Funny, Isn’t It?

Jeanne Charters


“There is no one on this earth I’d rather be with at this moment than you.”


JeanneThat’s what he said. This man, sitting there at our so-cool glass and chrome coffee table that we’d ordered three years earlier and then laughed because when she finally arrived, her curvature looked so pornographic that I placed a sprig of holly on her thrust and then turned it away from the entrance foyer so that no one could see what we saw— what the two of us saw. That she was blatantly sexual, offering her pelvis to any visitor who came upon her. And then, after we turned her pelvis to the wall, we lived with her, her secret safe, her lewdness only shared with people we trusted greatly. People with a sense of humor as twisted as our own.


In time, she became a cocktail-party joke. Jeanne and Matt’s pornographic coffee table. She didn’t mind. She rather liked it, I think. Let’s face it—if you pose yourself in that way, you’re looking for sexual attention.


He sat there at the coffee table with a glass of red wine in his hand. A candle flared between us, lights of a soon-to-be extinguished Christmas tree glowed behind him.


“There is no one on this earth I’d rather be with at this moment than you.”


His hair was silver like a senior man’s should be. Not that shade of orange that men’s hair seems to become when touched with chemicals. Handsome still with dark arched brows over hot coffee eyes. His lips full, grinning, and covering white, white teeth. Teeth protected by years of impeccable hygiene and good dentistry. Handsome, yes. And fit and stalwart, and only a hint of a belly, with shoulders broad enough to cry on and the other parts workable and reliable.


The other parts worked fine not so long ago. Before the suspicion of the cancer, before the ultrasound, before the biopsy, before the diagnosis and the surgeries. The other parts neglected now, because of fear and pain and a weird kind of respect for what I’m enduring. But they are still there, waiting, in case they can become helpful later—when things are better.


“There is no one on this earth I’d rather be with at this moment than you.”


How on earth can that be true? I’m scarred and scared and wondering how many years are ahead for us. And yet, this man, this handsome man, still prefers me—to all the others he might enjoy. And I know there would be others. Because he’s a good man with silver hair and dark eyes, and workable parts, and a strong, kind heart.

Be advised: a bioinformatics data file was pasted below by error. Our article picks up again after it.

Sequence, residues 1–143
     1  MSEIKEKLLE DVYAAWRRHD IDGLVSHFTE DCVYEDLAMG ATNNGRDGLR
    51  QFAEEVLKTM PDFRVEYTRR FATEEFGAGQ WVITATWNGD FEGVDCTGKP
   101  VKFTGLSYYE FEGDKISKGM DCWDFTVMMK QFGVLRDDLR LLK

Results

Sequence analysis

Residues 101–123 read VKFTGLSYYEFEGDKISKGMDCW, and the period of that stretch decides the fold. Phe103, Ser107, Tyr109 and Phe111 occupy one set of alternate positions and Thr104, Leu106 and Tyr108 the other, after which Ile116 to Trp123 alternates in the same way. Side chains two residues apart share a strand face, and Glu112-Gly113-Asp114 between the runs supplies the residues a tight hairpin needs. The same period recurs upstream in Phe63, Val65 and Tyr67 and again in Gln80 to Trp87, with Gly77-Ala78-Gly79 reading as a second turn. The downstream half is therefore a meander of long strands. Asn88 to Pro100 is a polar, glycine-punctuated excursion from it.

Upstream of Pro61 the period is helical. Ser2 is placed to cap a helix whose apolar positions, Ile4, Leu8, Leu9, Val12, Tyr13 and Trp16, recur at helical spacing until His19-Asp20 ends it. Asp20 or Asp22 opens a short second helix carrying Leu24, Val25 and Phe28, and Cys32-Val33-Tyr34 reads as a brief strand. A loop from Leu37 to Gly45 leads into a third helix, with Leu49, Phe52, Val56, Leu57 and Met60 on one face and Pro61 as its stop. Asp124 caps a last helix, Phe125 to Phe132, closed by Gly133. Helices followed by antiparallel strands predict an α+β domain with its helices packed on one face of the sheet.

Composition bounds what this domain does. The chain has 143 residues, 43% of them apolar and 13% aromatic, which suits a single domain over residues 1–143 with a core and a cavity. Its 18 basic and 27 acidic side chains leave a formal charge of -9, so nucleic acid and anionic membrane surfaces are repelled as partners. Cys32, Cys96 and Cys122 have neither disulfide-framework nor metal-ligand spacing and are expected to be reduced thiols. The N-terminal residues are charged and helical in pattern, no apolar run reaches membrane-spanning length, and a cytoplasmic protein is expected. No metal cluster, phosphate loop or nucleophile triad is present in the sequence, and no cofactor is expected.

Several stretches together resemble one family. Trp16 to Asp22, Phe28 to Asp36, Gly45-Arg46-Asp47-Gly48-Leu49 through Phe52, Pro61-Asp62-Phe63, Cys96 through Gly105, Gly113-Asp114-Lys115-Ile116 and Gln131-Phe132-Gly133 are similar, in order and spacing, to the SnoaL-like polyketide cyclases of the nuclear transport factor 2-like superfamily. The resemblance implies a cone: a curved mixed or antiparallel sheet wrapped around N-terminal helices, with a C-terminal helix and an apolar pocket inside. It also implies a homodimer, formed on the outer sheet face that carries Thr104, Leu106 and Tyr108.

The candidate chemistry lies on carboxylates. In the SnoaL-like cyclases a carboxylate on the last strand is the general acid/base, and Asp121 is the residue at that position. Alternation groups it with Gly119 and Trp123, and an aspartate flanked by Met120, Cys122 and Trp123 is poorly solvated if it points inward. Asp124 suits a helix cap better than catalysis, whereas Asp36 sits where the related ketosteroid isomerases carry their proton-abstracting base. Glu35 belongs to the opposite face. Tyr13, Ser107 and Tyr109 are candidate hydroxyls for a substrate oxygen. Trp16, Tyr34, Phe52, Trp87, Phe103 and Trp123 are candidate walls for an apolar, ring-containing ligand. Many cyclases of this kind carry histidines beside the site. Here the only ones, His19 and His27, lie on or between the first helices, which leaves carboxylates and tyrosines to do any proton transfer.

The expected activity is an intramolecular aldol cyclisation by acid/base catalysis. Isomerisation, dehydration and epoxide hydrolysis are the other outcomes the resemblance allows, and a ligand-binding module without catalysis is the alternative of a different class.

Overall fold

So, I sit in wonder at him, questioning what it is about me that could bind him in such a tight twist to me when I’m not worthy of such binding now. I’m tired. I’ve been through too much. My flesh has been cut and dug out and I feel somehow lopsided, right to left. How can I be a beautiful, romantic, sexual creature that deserves such a statement?


“There is no one on this earth I’d rather be with at this moment than you.”


And yet, he said it.


I’d think it was the wine, but he said it before the first sip. Before the flame of the candle had risen to its romantic height.


And he is handsome, so handsome in this candle light. George Clooney handsome, older certainly. But with that smirky, quirky sparkle that Clooney glows best. That intelligent, funny, knowing handsome that older men have—if they have it. Some don’t, I’ve noticed. Some are quite good looking, but they’ve lost that knowing about themselves—that knowing that some woman might look at them and think, “Wow! What a hunk.”


Mature, absolutely. But hunk, none the less. Like Clint Eastwood, before he talked to the chair and started to look a little dotty, a little less cool and in control of his sense of humor. That’s something mature men should guard against—don’t become silly or irrelevant or shaky. Just stand there with your silver hair, and your dark eyes, and your knowing, and resonate for females who are so searching for you, who will appreciate you like no one ever has before.


“There is no one on this earth I’d rather be with at this moment than you.”


Thank you, Matt, after all these years, I feel exactly the same way. Funny, isn’t it?



Jeanne Charters, a transplant from New York, is a writer living in Asheville with her husband, Matt Restivo. Her collection of columns, “Funny, isn’t it?” is available at Malaprops, Mountain Made in the Grove Arcade, or at

She has written three novels and has acquired an agent for her young adult novel, “Shanty Gold.” Jeanne is working on edits, per that agent, and hopes to have a publisher this year. She can be reached at

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